90km remaining from 253km

Katusha take over from Europcar at the head of the peloton on the approach to the Côte de Wanne. The break's lead has been whittled down a little more than a minute.

The break starts to fragment on the Côte de Wanne. Quaade, Chevrier and Vergaerde have lost contact.

85km remaining from 253km

Astana take over at the head of the peloton on the lower slopes of the climb, with Alessandro Vanotti prominent. The gap is down to just 45 seconds. There are leaden skies over the race and there have been some heavy showers at the finish, but for now the peloton is on dry roads.

Diego Ulissi is doing a lot of the work in this break but Anthony Turgis is pedalling well too. The French neo-professional won the amateur Liege-Bastogne-Liege last year ahead of Dylan Teuns.

83km remaining from 253km

Astana are on the front of the race en masse, riding in support of Vincenzo Nibali. Despite the misgivings of the UCI and despite its troubling doping record, the Kazakhstani squad remains in the WorldTour after the Licence Commission opted not to revoke its status. The news has deflated speculation that Nibali might ride both the Giro d'Italia and Tour de France. "It hasn’t taken any pressure off my shoulders because there never was any pressure. It’s only the media that made this up,” Nibali said of the Licence Commission decision.

The Côte de Stockeu (1km at 12.5%) home to the monument to five-time winner Eddy Merckx is next on the agenda. The bunch approaches Stavelot at the base of the climb, where there is always a fierce battle for positions.

79km remaining from 253km

The break swings right at Stavelot and hits the daunting Stockeu with a lead of 35 seconds over the peloton, which is still being led by Astana.

Luis Leon Sanchez had a mechanical problem ahead of the Wanne and he is the only Astana man missing from the front of the bunch on the Stockeu. The pace-making of the seven light blue jerseys is beginning to jettison riders off the back.

Andriy Grivko (Astana) accelerates near the top of the Stockeu and he sets off alone in pursuit of the break. Astana are clearly keen to force Alejandro Valverde's Movistar squad to put their shoulders to the wheel at the front of the race.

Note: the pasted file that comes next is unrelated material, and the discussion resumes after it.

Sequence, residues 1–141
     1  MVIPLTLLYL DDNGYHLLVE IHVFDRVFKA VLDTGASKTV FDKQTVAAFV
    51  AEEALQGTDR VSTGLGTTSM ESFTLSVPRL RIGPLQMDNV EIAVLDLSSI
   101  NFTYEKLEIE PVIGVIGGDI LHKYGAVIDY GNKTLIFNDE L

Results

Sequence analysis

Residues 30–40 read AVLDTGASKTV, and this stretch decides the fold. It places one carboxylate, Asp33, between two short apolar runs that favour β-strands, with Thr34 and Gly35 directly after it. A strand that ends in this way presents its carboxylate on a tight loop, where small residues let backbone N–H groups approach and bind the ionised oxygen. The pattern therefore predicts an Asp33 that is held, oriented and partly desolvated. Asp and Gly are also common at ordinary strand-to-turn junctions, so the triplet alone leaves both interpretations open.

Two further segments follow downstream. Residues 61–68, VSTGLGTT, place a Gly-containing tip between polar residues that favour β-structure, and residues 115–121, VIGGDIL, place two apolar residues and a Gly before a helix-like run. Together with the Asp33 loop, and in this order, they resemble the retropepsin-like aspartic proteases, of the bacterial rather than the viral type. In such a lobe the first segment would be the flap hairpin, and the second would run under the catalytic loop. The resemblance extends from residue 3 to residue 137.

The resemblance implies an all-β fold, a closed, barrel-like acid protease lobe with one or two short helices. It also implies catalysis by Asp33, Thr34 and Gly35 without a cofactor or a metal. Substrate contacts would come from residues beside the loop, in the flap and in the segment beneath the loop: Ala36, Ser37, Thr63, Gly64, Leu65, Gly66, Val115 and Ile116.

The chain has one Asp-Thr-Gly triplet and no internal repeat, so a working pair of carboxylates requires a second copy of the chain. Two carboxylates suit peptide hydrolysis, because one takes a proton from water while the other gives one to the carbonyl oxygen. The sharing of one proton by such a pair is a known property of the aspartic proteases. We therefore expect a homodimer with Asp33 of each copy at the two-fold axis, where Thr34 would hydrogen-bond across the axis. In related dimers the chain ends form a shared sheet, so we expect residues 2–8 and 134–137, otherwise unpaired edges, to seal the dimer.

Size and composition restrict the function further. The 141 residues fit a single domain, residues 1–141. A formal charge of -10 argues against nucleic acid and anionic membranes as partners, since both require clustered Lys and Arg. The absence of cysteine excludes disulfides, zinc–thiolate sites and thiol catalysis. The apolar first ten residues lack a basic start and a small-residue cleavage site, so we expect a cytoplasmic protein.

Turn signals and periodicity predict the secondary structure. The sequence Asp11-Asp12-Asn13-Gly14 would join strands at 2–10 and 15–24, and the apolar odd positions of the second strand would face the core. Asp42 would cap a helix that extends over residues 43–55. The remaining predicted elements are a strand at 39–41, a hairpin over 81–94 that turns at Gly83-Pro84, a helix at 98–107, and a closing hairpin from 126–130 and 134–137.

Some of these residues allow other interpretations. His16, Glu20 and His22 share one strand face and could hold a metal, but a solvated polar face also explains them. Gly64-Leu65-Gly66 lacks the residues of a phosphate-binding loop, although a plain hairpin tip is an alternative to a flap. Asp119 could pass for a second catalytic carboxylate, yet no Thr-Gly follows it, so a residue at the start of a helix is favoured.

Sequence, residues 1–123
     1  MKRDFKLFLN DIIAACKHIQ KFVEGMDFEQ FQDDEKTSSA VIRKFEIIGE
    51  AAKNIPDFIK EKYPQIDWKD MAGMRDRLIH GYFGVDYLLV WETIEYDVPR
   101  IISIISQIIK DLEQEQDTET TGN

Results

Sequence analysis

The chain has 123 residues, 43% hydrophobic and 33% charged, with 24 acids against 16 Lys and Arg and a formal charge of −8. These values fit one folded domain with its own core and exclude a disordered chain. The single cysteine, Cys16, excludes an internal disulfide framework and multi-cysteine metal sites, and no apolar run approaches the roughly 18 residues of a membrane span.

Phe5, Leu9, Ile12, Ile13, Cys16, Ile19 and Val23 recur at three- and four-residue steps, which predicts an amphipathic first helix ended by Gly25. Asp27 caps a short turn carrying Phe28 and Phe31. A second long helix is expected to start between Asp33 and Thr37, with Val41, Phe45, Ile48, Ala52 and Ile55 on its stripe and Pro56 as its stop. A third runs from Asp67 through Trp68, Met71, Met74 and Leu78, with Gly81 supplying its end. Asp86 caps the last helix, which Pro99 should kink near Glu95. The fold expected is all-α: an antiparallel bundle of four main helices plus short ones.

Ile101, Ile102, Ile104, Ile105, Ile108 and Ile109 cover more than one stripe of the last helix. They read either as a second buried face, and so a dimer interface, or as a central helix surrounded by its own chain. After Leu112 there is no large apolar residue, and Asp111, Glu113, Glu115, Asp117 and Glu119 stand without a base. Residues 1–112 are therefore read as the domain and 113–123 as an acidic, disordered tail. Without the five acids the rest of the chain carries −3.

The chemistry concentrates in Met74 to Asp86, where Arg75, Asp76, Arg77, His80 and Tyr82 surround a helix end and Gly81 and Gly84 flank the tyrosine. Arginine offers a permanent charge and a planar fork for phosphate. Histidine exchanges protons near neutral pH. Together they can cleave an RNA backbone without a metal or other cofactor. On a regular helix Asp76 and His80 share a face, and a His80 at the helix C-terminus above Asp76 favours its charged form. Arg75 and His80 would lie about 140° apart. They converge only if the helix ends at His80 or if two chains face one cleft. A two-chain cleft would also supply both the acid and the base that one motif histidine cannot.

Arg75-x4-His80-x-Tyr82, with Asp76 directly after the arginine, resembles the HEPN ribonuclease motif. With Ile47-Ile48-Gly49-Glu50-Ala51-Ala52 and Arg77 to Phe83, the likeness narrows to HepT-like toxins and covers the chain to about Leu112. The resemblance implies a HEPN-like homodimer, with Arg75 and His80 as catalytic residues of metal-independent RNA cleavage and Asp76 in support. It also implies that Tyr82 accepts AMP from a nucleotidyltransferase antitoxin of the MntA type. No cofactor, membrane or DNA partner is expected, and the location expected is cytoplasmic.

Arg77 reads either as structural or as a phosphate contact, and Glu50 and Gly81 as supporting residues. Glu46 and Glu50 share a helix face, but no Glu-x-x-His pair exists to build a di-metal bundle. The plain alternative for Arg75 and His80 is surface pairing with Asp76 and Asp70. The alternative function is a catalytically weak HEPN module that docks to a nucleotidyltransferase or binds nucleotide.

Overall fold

The break crosses the summit of the Stockeu with all five riders still aboard. Grivko follows alone at 30 seconds, the bunch is at 38 seconds.

Gorka Izagirre (Movistar) sets off in pursuit of Grivko ahead of the next climb, the Côte de la Haute-Levée (3.6 km at 5.6%).

74km remaining from 253km

The break hits the Côte de la Haute-Levée and immediately Minaard is in difficulty. Izagirre catches Grivko and they are both almost in touch with the leaders. The bunch is at 28 seconds.

Grivko and Izagirre make it across to the break. Simon Yates (Orica-GreenEdge) is the next to accelerate off the front of the bunch in pursuit.

A small chase group has formed behind the leaders with no fewer than four Astana riders - though not Nibali - and Zdenek Stybar (Etixx-QuickStep). Tim Wellens (Lotto Soudal) is off the back of the peloton, meanwhile, perhaps with a mechanical problem, though it's not immediately clear.

The leading group has swelled to 21 riders now after the Astana-led chasers have bridged across. There are now five Astana riders at the front of the race, with Nibali in the peloton behind.

73km remaining from 253km

Tanel Kangert (Astana) accelerates out of the leading group near the top of the Haute-Levée in a bid to form a more malleable break. Julian Arredondo (Trek) and Esteban Chaves (Orica-GreenEdge) bound across to him and they have a small gap. BMC have taken up the reins in the main peloton in a bid to bring some order to the race.

72km remaining from 253km

Manuele Boaro (Tinkoff-Saxo) and Michele Scarponi (Astana) are bridging across to Kangert, Arredondo and Chaves, and they should form a leading quintet over the top of the climb.

On the descent of the Côte de la Haute-Levée we have five leaders: Michele Scarponi, Tanel Kangert (Astana), Esteban Chaves (Orica-GreenEdge), Julian Arredondo (Trek Factory Racing) and Manuele Boaro (Tinkoff-Saxo). They have a 15-second lead over the second group on the road.

There are ten relatively flat kilometres ahead of the break before they tackle the Col du Rosier (4.4 km at 5.9%). There has been something of a regrouping behind and the peloton is chasing at 24 seconds.

69km remaining from 253km

Tim Wellens (Lotto Soudal) is almost back in contact with the rear of the peloton, which is now being led by Katusha, Etixx-QuickStep and BMC.